I did a television interview in December 2017 at a time when the price of bitcoin was going up $1,000 per week. The interview went viral and had over 1 million likes on Facebook.
On the exact day of the interview, bitcoin was around $8,000 per coin. My forecast was that bitcoin would go to $20,000 and then crash on its way to $200 as a criminal token. So far, that’s exactly what has happened.
You can see the interview here. Today, bitcoin has crashed to about $4,000 per coin, down 80% from its top and well on its way to my $200 per coin forecast.
Lately, the drop has accelerated in percentage terms even beyond the January–February crash earlier this year. This recent crash within a crash is detailed in this article.
The problem with a crash of this kind is that confidence is destroyed, liquidity dries up and momentum gathers, setting the stage for further losses. Bubbles are not symmetric in their price patterns. The rising part of the bubble is characterized by slow price gains that accelerate and then quickly go hyperbolic. This is the classic “hockey stick” chart.
Once the bubble bursts, the initial drop is steep, but this is followed by a series of rallies that fade followed by another rally in a pattern called “lower highs.” It can take a few years for a hockey stick bubble to reach its destination low. This is due to denial, wishful thinking and groupthink among the late buyers who have suffered the greatest losses during the bubble stage.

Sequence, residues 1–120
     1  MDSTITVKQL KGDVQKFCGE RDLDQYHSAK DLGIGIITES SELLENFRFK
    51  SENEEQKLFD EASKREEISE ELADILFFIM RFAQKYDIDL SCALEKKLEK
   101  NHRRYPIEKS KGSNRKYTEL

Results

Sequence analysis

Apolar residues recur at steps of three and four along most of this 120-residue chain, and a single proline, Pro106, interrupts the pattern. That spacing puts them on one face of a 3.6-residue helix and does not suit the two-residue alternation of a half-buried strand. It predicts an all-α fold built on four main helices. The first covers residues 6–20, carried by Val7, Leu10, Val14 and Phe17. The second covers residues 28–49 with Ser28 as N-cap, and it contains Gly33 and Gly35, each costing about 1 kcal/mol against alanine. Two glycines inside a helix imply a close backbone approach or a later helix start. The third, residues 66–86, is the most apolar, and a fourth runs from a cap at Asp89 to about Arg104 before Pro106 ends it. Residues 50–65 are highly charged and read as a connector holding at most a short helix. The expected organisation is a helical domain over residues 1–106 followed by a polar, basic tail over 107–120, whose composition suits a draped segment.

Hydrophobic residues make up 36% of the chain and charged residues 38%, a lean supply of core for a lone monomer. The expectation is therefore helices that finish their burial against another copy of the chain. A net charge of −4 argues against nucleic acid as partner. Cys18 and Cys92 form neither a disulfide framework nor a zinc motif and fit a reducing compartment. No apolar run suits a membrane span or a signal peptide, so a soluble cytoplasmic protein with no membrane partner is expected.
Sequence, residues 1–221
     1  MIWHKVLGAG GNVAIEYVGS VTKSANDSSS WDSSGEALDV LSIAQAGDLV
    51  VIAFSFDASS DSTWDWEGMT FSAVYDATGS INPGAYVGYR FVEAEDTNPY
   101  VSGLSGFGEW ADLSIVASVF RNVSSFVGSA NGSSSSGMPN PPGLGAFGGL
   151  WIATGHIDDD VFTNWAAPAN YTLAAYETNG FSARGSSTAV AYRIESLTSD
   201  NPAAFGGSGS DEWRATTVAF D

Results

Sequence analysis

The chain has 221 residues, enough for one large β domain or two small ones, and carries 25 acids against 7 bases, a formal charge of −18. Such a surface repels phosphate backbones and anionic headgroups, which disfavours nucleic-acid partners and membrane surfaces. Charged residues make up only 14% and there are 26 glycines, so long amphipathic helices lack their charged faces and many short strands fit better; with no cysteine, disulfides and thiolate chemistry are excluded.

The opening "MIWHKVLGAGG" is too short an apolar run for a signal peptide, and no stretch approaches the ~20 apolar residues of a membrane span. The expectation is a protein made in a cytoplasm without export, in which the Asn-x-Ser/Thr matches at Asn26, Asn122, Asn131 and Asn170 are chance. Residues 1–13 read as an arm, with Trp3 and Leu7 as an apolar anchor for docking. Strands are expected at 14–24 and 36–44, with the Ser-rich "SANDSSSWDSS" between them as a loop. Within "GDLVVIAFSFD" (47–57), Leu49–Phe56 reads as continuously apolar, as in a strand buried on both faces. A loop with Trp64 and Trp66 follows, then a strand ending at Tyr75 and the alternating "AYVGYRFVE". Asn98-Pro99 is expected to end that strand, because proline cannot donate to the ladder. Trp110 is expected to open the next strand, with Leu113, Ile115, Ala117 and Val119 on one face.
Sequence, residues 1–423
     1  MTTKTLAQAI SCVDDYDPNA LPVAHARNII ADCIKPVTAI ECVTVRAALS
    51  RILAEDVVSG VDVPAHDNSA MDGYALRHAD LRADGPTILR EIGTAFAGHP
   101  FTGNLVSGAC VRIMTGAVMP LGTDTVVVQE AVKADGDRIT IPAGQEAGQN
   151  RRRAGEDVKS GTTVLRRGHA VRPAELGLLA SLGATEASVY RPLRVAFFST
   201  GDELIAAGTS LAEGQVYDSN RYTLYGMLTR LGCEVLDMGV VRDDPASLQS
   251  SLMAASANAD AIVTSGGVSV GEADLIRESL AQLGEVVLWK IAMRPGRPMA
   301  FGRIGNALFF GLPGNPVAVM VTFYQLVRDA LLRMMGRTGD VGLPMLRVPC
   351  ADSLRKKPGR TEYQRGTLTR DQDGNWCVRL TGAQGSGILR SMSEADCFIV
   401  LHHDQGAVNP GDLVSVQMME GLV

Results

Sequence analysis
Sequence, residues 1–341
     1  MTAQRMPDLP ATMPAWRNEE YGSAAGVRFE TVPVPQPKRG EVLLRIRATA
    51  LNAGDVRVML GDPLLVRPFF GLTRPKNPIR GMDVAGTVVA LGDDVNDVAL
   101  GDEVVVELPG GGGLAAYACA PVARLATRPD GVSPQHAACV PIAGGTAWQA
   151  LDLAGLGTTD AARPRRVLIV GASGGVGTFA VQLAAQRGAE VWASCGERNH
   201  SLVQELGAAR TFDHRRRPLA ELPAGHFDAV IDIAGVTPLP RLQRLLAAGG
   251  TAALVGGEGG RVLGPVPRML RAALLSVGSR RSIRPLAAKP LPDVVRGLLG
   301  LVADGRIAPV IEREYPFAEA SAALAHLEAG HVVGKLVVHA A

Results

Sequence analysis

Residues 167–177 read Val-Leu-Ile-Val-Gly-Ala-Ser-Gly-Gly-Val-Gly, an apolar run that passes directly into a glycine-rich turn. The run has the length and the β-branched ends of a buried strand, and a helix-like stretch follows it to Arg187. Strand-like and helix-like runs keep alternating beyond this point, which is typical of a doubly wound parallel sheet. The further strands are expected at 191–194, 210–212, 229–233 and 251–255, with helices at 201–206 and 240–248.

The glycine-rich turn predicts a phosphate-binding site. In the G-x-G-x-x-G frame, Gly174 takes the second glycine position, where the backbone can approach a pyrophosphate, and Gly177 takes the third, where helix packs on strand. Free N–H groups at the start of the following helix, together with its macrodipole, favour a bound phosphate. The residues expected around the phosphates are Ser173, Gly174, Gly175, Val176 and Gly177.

Meanwhile, the early buyers took the money and ran for the hills. There’s nothing left of bitcoin except disappointment and the occasional pump-and-dump by the miners. Good luck with that.
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It’s clear that good science does not support the extreme claims of the climate alarmists. Yes, there is such a thing as climate change, but it’s slow, difficult to predict and almost impossible to model because of the complexity of the process. The climate alarmists have grabbed most of the headlines for the past ten